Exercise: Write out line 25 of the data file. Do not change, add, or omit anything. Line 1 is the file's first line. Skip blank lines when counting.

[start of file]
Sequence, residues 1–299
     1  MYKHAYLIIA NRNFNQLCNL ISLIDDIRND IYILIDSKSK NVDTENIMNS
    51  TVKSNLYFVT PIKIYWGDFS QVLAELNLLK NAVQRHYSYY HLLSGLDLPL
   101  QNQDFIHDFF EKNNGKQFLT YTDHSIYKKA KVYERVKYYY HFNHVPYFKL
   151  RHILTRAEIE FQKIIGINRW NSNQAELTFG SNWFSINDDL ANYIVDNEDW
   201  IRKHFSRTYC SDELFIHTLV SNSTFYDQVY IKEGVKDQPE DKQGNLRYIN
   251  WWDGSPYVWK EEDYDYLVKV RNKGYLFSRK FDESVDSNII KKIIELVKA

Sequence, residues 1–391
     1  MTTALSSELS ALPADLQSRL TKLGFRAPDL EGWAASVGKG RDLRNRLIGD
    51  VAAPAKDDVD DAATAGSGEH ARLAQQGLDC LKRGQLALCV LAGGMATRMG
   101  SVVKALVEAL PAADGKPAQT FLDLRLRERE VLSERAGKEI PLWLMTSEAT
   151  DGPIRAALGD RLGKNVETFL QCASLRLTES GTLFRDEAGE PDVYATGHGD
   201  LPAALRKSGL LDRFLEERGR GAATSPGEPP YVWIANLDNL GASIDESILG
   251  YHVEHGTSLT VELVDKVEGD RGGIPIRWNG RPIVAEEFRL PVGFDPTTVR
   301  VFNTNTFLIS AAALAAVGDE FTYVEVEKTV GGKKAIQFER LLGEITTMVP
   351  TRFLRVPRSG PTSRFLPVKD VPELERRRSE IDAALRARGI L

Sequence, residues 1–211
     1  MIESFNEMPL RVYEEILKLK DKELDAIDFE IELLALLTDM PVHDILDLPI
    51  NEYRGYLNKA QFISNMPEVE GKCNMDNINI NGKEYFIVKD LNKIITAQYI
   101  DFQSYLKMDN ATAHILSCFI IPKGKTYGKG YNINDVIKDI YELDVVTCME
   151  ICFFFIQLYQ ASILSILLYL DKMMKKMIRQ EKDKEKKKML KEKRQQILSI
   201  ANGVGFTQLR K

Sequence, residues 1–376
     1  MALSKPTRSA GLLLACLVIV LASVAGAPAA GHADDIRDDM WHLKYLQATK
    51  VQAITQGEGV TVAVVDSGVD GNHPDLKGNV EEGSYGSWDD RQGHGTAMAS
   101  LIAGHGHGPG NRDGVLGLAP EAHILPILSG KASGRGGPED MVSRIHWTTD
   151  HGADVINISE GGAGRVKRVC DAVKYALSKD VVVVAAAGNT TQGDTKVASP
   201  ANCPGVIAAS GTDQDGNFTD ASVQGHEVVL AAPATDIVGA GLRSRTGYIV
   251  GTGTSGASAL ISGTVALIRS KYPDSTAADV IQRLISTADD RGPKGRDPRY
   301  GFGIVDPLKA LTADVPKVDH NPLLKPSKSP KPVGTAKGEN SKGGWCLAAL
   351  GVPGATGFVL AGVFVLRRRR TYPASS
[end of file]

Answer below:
    51  VQAITQGEGV TVAVVDSGVD GNHPDLKGNV EEGSYGSWDD RQGHGTAMAS